The practice of sprouting electrically conductive nanowires from the cell for electron transfer could be common across bacteria, not just those that reduce metal, scientists reported this week in Proceedings of the National Academy of Sciences (PNAS) . These findings, which appear to contradict a finding from an earlier study, could have broad implications for how microbes living in communities and biofilms distribute energy, affecting both ecology and human health, according to a study author."It's not yet certain how far-reaching these structures are, but as a strategy to transfer electrons in a community structure we could investigate whether or not [nanowires] are found in all kinds of biofilms, from marine sediments to ones in Yellowstone to biofilms of pathogens, like in cystic fibrosis or tuberculosis," coauthor Yuri Gorby at Pacific Northwest National Laboratory in Richland, Wash., told The Scientist.As bacteria generate energy in the form of ATP, they must...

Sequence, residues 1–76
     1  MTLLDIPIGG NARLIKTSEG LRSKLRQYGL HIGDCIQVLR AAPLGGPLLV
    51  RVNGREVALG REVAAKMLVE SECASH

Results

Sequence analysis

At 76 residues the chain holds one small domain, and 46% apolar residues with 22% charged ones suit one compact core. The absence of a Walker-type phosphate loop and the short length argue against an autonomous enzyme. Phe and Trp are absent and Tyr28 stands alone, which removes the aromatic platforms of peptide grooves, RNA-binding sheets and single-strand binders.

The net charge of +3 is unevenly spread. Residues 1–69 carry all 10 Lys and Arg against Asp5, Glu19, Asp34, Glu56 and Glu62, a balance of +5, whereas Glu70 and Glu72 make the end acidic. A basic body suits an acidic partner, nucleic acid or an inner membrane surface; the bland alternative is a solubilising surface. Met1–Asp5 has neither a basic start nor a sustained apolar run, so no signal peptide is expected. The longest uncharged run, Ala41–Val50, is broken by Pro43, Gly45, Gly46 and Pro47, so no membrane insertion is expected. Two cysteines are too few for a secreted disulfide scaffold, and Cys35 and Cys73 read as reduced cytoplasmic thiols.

2005Derek LovleyGeobacter sulfurreducenselectrically conductiveShewanella oneidensisPseudomonas aeruginosaSynechocystisJames TiedjeThe ScientistPelotomaculum thermopropionicumSynechocystisShewanella oneidensisShewanellaShewanellaThe ScientistShewanellaDaniel Bondcchoi@the-scientist.comPNASwww.pnas.orgThe Scientistwww.the-scientist.com/article/display/14868/www.sysbio.org/resources/staff/gorby.stmNaturePM_ID: 15973408The Scientistwww.the-scientist.com/article/display/23826/The Scientistwww.the-scientist.com/2006/7/1/42/1/www.cme.msu.edu/tiedjelab/jtiedje.shtmlwww.micab.umn.edu/faculty/Bond.html
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